By Mike Colias and Ruth Bender
Ford Motor Co. posted a $1.9 billion operating loss in the second quarter, the latest global auto maker to report steep losses from factory closures as the pandemic’s financial fallout on the car business comes into focus.
Still, global auto makers this week said they expect profits to return in coming months — barring further factory disruptions related to Covid-19 — as the restart of production has mostly gone smoothly and buyer demand has been stronger than analysts expected when the crisis hit.
Ford’s second-quarter result was far better than the $5 billion operating loss the company signaled in April, when its U.S. factories were idled amid Covid-19 lockdowns. Ford’s loss of 35 cents per share on a pretax basis, adjusted for one-time items, beat the average analyst forecast of a $1.17 loss.
The auto maker lost money in each major region in which it operates, including the normally lucrative North American market, where it lost nearly $1 billion in the April-to-June period. Resilient sales of expensive Ford F-150 pickup trucks helped offset several weeks of lost production in April and May, the company said.
The company posted net income of $1.1 billion for the quarter, after factoring in a $3.5 billion gain related to Volkswagen AG’s June investment in the company’s driverless-car startup Argo AI.
The coronavirus has plunged car makers around the world into one of the deepest crises in recent years and added to struggles the industry was already facing before the pandemic, with softening demand for cars and soaring costs for technology.
Ford’s second-quarter operating result was worse than that of rival General Motors Co., which posted a $536 million pretax loss and breezed past Wall Street’s forecasts.
The gap with GM was partly explained by the geographic footprint of the two companies: GM’s largest market is China, which recovered from Covid-19 shutdowns in the quarter. Ford has a much smaller presence in China and, unlike GM, produces cars in Europe, which was hit by pandemic disruptions during the period.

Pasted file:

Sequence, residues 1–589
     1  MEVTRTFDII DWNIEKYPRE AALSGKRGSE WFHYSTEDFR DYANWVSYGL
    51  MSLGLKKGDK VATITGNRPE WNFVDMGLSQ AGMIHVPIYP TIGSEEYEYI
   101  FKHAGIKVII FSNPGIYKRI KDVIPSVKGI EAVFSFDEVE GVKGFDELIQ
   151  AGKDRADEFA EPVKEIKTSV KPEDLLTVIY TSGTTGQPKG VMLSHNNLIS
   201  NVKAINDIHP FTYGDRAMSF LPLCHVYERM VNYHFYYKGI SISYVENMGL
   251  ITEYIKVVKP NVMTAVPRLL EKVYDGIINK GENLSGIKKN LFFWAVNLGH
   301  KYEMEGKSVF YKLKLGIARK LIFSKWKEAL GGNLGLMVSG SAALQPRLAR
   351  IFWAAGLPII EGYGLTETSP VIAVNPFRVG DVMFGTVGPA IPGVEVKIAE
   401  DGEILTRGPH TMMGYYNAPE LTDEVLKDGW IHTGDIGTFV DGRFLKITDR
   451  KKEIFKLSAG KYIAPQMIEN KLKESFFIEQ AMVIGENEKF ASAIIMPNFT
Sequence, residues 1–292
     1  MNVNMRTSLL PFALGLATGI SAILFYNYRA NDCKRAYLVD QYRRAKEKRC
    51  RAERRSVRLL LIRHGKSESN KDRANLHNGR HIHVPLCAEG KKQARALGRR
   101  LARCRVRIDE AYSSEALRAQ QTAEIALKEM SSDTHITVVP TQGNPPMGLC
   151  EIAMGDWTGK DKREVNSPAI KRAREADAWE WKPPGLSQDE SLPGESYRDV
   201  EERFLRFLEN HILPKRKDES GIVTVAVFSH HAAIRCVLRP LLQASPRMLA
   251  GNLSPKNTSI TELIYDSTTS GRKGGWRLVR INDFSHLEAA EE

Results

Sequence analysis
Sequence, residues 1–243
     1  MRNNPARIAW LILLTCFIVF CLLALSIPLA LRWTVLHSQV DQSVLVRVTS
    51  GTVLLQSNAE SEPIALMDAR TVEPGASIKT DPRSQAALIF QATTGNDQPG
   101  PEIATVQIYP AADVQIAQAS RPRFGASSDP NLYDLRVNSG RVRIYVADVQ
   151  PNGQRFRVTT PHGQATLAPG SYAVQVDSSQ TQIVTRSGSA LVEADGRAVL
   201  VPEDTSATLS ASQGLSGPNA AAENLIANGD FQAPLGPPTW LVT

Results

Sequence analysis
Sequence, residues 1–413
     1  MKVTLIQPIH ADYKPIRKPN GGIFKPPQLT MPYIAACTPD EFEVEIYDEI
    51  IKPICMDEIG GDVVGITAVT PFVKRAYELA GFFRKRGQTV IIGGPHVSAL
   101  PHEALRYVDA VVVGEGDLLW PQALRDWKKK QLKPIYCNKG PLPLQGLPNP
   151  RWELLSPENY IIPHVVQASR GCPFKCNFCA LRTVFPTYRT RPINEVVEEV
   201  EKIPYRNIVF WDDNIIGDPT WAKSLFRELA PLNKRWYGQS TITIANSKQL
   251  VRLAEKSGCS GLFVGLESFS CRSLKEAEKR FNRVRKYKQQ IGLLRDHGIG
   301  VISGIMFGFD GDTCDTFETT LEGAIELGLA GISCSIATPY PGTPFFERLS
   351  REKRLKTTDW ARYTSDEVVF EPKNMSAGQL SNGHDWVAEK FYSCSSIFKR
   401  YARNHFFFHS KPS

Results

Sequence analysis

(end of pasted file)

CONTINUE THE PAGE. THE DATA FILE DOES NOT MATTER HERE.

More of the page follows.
Ford expects third-quarter operating profit to rebound to between $500 million and $1.5 billion. GM on Wednesday said it expects pretax earnings of more than $2 billion in each of the next two quarters.
Volkswagen slashed its proposed dividend Thursday after swinging to a net loss in the second quarter, but the world’s biggest car maker by sales also said there were signs a recovery was under way in markets from Western Europe to the U.S.
Volkswagen, which also makes the Audi and Porsche brands, posted a net loss of EUR1.61 billion ($1.9 billion) in the second quarter ended June 30, compared with a net profit of EUR3.96 billion in the same period a year earlier. Revenue fell 37% to EUR41.08 billion from EUR65.19 billion as sales slipped across the world because of economic shutdowns aimed at containing the pandemic.
“The first half of 2020 was one of the most challenging in the history of our company due to the Covid-19 pandemic,” said Chief Finance Officer Frank Witter.
Renault SA on Thursday posted a net loss of EUR7.29 billion for the first half of the year as the French auto giant reeled from the effects of the pandemic as well as the woes of its alliance partner Nissan Motor Co.
The plunge was more than twice the loss Renault posted for all of 2009 during the financial crisis. It also outstripped analysts’ forecast of a EUR4.49 billion loss. Shares fell more than 5% in early trading in Paris.
Volkswagen said that because of the heft of the impact from the pandemic and difficulty in predicting the future, the company will propose to shareholders to lower its dividend for 2019 to EUR4.8 per ordinary share from a previous proposal of EUR6.5 per ordinary share, and EUR4.86 per preferred share instead of EUR6.56.
The German auto maker sounded a more optimistic note for the second half of the year.
Through May, sales mainly in post-lockdown China had been showing signs of recovery, while in the U.S. and Europe they continued to decline sharply. But Volkswagen said a recovery in demand for cars in markets from Western Europe to the U.S. helped the group improve car deliveries to customers in June and July, even though they remained in the red.
Daimler AG last week said it was registering signs of recovering demand for luxury cars and electric vehicles, with China leading the way, prompting shares to rise. The pandemic, however, also prompted Daimler to expand cost cutting.
Nick Kostov in Paris contributed to this article
Write to Mike Colias at Mike.Colias@wsj.com and Ruth Bender at Ruth.Bender@wsj.com
(END) Dow Jones Newswires
July 30, 2020 18:23 ET (22:23 GMT)
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